|Hyde Bay Camp For Boys
Home Letter Volume 25, June 30, 1951 No. 4
HYDE BAY HOME LETTER
VOLUME 25 June 30, 1951 No. 4
APOLOGY: This year I am going to write a Homeletter at the end of the first four days of camp. There are numerous matters to be discussed. This issue will not be typical of those to follow as there is a maximum of explanation and a minimum of news items.
BILLS: You will find enclosed the bill for the camp fee. You will note that this is divided into two halves because some boys are here a month only, while others will decide later how long they will stay. The vast majority are here, of course, for eight weeks. The short term rate is $55 per week, making the first four weeks $220. The second four weeks for boys who have been here the first half is $180. Tutoring is at the rate of $100 the subject or 2.50 the hour. This, incidentally, is less that it was twenty—five years ago when the camp was established.
INCIDENTALS: There are no extra charges. Personal expenses of a reasonable nature are charged to the boy’s account. An itemized bill for these expenses will be rendered at the close of camp.
CORRECTION: As a bookkeeper, I am an excellent camp director. Therefore, please have no hesitation in calling to my attention any errors in the bill. Such suggestion will be received as a help and not as a criticism.
REPORTS: You would normally get a report covering the camp week. The councilors hand these in to Head Councilor Chandlee by Sunday morning at the latest. He goes over them carefully and hands them to me. I go over them, making comments where I feel like it. The teachers in the summer school also hand in weekly reports which are likewise inspected and annotated by the Director.
NUMBERS: We have seventy—nine boys in camp at present. I already have a half dozen registrations for places in the second half of camp. There are others pending. We have beds in the tents and seats at table for eighty-five boys. While we would not refuse a boy as long as we had a place, the present number is very satisfactory because it allows some leeway in keeping the proper age groups together.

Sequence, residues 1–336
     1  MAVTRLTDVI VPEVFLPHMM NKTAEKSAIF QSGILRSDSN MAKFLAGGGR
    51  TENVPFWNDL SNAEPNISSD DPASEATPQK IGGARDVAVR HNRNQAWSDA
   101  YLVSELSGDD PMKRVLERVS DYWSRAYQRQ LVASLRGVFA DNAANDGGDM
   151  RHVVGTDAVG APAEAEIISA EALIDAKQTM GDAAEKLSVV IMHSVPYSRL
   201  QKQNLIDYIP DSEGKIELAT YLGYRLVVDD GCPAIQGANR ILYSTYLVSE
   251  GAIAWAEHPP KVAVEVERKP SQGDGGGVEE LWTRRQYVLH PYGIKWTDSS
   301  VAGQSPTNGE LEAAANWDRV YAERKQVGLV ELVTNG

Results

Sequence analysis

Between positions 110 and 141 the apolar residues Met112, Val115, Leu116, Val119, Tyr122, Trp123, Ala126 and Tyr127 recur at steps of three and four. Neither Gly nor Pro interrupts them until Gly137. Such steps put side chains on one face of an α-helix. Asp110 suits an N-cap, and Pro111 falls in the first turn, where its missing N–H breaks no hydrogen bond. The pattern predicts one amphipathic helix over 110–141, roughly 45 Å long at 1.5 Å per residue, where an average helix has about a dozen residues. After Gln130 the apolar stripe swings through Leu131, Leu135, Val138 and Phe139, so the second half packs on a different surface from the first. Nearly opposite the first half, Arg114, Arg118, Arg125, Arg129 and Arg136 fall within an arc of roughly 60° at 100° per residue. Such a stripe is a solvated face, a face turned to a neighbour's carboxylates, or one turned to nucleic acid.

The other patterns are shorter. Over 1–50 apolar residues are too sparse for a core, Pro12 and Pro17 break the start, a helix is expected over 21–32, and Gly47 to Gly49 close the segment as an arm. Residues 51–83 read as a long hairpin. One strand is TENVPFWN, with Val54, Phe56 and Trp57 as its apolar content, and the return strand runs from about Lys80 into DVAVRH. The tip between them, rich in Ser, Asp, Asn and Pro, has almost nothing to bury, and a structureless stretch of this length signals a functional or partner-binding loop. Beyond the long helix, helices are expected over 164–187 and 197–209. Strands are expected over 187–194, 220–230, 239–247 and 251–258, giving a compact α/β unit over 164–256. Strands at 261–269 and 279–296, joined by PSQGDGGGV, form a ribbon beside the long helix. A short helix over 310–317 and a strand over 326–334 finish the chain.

DISTRIBUTION BY TENTS: The normal complement of a tent is a councilor with five boys. It is not always possible to keep to that figure because we dislike to mingle in one tent boys of various ages. Thus, we have been compelled to have two six—boy tents. This involves the use of one double decker. The tents are devised by the Army to hold eight boys. On the other hand, our Mac Williams in Tent 12 is lavishing his extensive talents on three boys. The tent list, as it stands, is a masterpiece of arrangement on the part of the Head Councilor. If you got any complaint from your son about his habitation and companions, please let us knew and we will do what we can by way of adjustment.
ARRIVAL: Forty-two boys came in with Bob, arriving at camp about six o’clock after an unusually fine trip. The Graham brothers, who have been at Hyde Bay in previous years, came in by train on Friday, having been very considerately detained by their parents on account of a rash on Hilles which proved to be harmless. I can’t tell how much we appreciate such parental action. The rest of the campers came in by automobile at various times accompanied by assorted groups of family and friends.
HEALTH CARDS: If you haven’t sent in the health card, please do so at once.
INSURANCE: According to my records, thirty—five campers have taken out the camp insurance. I strongly recommend this. It has proved very efficient and convenient in the past. I hope that you will send in your application if you have not done so. If you are covered, please let me know the company and type of coverage.